Recipe: Breakfast Couscous
Serves: 2 huge eaters
Coffee: French Press Afrique
What makes couscous work in this recipe is also what made it so valuable in its original home of North African cooking: absorbency. When precious bits and pieces of meat were skewered and laid across a communal bed of couscous, it could trap the valuable juices – same with vegetable stews. During the 20th century North African migration, couscous became very popular in France, especially in the southern region. They might not forgive us for using an instant version, but in doing so, we can make a filling and fragrant breakfast bowl in 10 minutes. However, breakfast at La Colombe doesn’t always mean a morning meal. Years of roasting round the clock changed that for us, and now specific foods associated with specific times don’t have the same meaning. We eat it when we crave it.
2½ cups water
½ teaspoon orange blossom water (optional)*
½ cup dried fruit
1 cup instant couscous
To taste: honey
To taste: ground cinnamon
* We say optional. But it totally gives the couscous a little North African touch, and when you can’t figure out what to do with the rest of the bottle, use it sparingly in whipped cream or mascarpone, panna cotta or even make simple syrup with it. Great for cocktails.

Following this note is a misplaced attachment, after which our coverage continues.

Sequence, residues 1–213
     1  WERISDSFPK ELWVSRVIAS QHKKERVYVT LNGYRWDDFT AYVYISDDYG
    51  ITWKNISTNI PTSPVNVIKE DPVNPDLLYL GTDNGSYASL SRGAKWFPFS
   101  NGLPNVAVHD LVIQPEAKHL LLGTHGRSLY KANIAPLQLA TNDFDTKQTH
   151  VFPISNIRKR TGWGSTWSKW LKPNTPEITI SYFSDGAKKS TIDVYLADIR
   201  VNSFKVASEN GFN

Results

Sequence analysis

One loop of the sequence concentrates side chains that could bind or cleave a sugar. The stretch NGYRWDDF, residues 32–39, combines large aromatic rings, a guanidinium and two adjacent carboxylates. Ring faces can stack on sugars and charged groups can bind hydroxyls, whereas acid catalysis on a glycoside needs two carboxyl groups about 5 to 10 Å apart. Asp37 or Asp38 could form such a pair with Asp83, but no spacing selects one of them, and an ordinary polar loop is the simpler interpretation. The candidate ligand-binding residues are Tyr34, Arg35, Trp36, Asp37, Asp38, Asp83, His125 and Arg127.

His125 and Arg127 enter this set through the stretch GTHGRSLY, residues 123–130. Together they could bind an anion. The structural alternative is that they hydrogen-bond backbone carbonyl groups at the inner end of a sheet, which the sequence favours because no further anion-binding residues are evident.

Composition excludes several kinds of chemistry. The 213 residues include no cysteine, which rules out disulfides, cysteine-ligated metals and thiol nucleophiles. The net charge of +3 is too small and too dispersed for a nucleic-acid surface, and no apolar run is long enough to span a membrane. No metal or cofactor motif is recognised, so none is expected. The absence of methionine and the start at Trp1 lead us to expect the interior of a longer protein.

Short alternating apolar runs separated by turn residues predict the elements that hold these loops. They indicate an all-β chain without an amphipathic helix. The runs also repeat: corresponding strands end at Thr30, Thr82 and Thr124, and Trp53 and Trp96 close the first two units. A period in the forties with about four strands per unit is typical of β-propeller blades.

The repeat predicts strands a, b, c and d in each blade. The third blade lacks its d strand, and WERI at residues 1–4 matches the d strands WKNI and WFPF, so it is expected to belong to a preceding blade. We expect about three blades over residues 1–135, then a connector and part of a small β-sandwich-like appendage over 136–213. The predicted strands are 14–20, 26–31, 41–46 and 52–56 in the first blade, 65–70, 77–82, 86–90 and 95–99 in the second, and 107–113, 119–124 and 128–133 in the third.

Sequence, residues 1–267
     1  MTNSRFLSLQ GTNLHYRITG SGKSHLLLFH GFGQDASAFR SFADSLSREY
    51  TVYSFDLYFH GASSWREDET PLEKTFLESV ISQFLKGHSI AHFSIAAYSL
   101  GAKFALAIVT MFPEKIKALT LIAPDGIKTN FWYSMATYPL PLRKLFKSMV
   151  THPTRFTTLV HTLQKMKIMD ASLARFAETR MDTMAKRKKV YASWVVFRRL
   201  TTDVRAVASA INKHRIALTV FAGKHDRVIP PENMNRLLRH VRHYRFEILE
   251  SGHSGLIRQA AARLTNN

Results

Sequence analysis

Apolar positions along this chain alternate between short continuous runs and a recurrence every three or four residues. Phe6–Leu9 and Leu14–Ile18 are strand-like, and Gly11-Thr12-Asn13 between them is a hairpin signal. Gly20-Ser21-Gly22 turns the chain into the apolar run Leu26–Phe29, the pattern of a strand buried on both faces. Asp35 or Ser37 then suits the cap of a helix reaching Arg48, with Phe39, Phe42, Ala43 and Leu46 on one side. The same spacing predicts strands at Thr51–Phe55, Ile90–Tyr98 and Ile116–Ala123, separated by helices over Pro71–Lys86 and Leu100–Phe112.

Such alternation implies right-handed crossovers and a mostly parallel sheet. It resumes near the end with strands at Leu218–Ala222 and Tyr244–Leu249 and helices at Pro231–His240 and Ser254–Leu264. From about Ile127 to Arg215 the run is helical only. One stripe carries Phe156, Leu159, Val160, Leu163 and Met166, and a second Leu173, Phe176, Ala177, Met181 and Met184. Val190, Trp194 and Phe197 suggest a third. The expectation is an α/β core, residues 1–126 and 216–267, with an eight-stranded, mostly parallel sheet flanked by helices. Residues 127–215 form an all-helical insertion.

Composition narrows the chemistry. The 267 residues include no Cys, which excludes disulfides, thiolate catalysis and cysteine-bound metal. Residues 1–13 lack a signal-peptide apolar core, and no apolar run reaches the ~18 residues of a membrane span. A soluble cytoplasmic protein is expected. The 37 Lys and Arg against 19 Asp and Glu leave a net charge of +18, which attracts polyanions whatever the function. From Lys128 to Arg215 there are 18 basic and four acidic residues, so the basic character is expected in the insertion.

Add the water, orange blossom water (if using), raisins, and salt to a medium-sized saucepot, and bring to a simmer over medium high heat. Stir in couscous and continue to cook for 1 minute. Turn off the heat, and cover the pot. Let sit for 5 minutes. Scoop the couscous into bowls. Drizzle honey, and shake cinnamon liberally over top. Serve warm.
Any brand suggestions on orange blossom water? I’ve never heard of it or use it but i drink a ton of coctails.
“Nielsen Massey All Natural Orange Flower Water 2 fl oz” is what we used bought from the international market on 42nd St. and Market St., Philadelphia. Whatever the brand, we suggest getting the smallest bottle available, a little goes a long way.